My starter was bubbly after I fed it. I did 7 stretch and folds, but for some reason after putting the dough in the banneton in the fridge for 24 hours (even 48 hours one time I tried), my dough does not crest to the top. It rose a little, but that's it. It tastes great, but I don't know why it didn't rise much in the fridge. Every time I've made this recipe, my dough just doesn't rise to the top of the banneton for some reason. Any ideas why? I would love for my loaf to have the beautiful rise your's does in your video.


Friday 24th of June 2022

Hi Courtney! OH MY GOODNESS!!!! I️ just baked the most glorious and beautiful loaf of sourdough bread thanks to you! I️ cant believe it. With 3 lukewarm tries under my belt, I️ stumbled upon your blog and decided to put in a little work and give it one more try. With your guidance I️ converted my starter to 100% hydration and fed her like crazy until she was doubling consistently within 3 hours and beautifully bubbly. Despite failing the float test (I’ve never seen you mention the float test… curious about your thoughts on it) I️ decided to continue on following your recipe and BAM! Today I️ have the most lovely loaf of bread and I️ can’t believe I made it!!! So satisfying and I️ can’t thank you enough!

I️ have one question, if I️ wanted to add fillings like seeds or cheese, etc. would I️ add them right at the beginning with the original ingredients?

Thank you so much! Off to enjoy more bread :) -Katie

Butter For All

Wednesday 29th of June 2022

Hey Katie!

What a wonderful testimonial! I'm so happy things have turned around! Welcome to the world of really good bread :)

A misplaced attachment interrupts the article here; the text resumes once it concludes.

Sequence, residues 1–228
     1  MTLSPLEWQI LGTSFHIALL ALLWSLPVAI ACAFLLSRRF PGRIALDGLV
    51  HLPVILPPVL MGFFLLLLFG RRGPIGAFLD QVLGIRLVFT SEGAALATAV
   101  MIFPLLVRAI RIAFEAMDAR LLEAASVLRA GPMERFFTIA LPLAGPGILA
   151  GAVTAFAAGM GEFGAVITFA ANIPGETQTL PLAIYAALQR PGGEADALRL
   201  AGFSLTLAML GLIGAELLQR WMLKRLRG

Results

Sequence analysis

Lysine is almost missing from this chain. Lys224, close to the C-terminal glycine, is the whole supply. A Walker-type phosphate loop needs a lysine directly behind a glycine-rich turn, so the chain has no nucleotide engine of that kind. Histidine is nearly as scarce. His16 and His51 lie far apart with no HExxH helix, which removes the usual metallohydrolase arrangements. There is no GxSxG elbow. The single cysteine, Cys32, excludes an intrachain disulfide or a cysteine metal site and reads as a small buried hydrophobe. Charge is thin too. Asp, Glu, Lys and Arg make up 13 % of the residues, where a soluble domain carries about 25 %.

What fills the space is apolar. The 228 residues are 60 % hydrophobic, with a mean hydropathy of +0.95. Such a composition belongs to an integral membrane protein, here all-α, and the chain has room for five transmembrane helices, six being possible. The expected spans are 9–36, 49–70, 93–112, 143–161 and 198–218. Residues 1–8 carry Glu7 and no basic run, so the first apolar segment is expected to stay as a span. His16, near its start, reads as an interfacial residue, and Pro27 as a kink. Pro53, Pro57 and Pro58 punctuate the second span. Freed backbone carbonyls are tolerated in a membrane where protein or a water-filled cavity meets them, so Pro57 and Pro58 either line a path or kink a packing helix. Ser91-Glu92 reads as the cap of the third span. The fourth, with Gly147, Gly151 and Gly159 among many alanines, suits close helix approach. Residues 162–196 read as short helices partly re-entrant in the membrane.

There are several ways to add inclusions to your bread. You can add them during mixing and let them ferment along with the dough. This method works really well if you want the ingredient spread evenly throughout the dough. I typically do this with whole grains, oats, seeds, nuts, or vegetable mashes, or even berries. The second technique is to laminate the bread during shaping. This gives you ribbons of filling throughout the dough. This works especially well for chunkier toppings, cheese, or cinnamon swirl. You can check out a few different recipes to see direct mixing and lamination in action. You may also want to try my cinnamon raisin bread!

Thanks for taking the time to leave such a nice note!



Friday 3rd of June 2022

Hi Courtney, firstly many thanks for your superbly presented website and the videos. You make it look so simple but sadly, not simple enough for me! I have now had a total of 6 quite spectacular failures..... basically despite adhering to your clear instructions the moment I remove the dough from the banneton chaos. The latest one today clung like crazy to the banneton despite a heavy dusting of spelt flour and by the time it flopped onto the parchment it was greater than the diameter of the dutch oven. It just simply sank into a giant pancake. Only once have I managed to get a dough to part company with the banneton relatively cleanly but even that one failed to show much interest in rising and ended up dense and yukky. I have recognised I am a beginner and use the 275ml recommended water content, I have a 13% protein unbleached white strong white bread flour and I take my starter out of the fridge in the mornings, feed it and then wait til it more than doubles before making the dough. I folded it and stretched it 9 times before leaving it to double and I then put it in the banneton following your timings and technique before covering and putting in the fridge over night. It had more than reached the top edge of the banneton when I attempted to get it out! There seems to be no strength at all in it. Help!